Publications

Discussions about vaccinations occur regularly within legislatures across the nation. Policymakers aim to protect public health while scrutinizing conflicting information and heeding concerns of constituents, including parents who want options for their children.

Washington Gov. Jay Inslee in July signed into law one of the nation’s most comprehensive paid family leave programs, offering workers paid time off for the birth or adoption of a child or for the serious medical condition of the employee or his or her family member. The legislation, which will take effect in 2020, offers eligible workers 12 weeks of either parental or medical leave, or 16 weeks for a combination of both. Only four other states guarantee paid family leave: California, New Jersey, New York and Rhode Island, with New York’s program beginning in 2018. The District of Columbia also approved a paid family leave program this year to take effect in 2020.

By Katherine Barrett and Richard Greene
During the years when the baby-boom generation was being introduced to the population of the United States, the fertility rate equaled about three births for each woman of child bearing age. But since the mid-1960s, when the baby boom ceased, fertility rates have been dropping. By the early 1970s, the fertility rate fell below two births per woman, and it has been declining steadily for at least the last 10 years. Since then, the U.S. fertility rate has been below replacement level—the level that is needed for couples to replace themselves in the population—according to the Population Reference Bureau.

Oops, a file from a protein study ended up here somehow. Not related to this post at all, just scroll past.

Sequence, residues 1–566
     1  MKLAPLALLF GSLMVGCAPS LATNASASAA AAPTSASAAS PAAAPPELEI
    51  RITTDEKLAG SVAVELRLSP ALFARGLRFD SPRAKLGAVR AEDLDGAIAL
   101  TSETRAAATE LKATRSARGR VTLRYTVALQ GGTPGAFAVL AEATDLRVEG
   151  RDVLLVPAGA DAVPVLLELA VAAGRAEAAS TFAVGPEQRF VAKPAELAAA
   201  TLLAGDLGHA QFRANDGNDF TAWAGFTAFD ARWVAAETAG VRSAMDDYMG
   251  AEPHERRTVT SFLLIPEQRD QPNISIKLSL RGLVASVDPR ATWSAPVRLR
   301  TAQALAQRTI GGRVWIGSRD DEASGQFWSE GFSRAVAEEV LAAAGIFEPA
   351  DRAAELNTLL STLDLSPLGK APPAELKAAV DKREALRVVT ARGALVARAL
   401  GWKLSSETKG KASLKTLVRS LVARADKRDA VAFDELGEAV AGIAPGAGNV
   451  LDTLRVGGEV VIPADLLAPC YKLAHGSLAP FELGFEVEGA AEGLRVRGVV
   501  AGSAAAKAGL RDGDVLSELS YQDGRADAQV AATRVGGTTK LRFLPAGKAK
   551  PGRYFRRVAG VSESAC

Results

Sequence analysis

Supporting People with Serious Mental Illnesses and Reducing Their Risk of Contact with the Criminal Justice System

This primer highlights how critical it is for psychiatrists to better identify and address the clinical and forensic needs of these patients and incorporate interventions that address their criminogenic risks and needs into patient treatment plans.

Dos and Don’ts for Reducing Recidivism Among Young Adults in the Justice System

This resource presents a concrete list of dos and don’ts that policymakers and justice system leaders can use to guide policy and practice changes focused on young adults in the juvenile and adult criminal justice systems.

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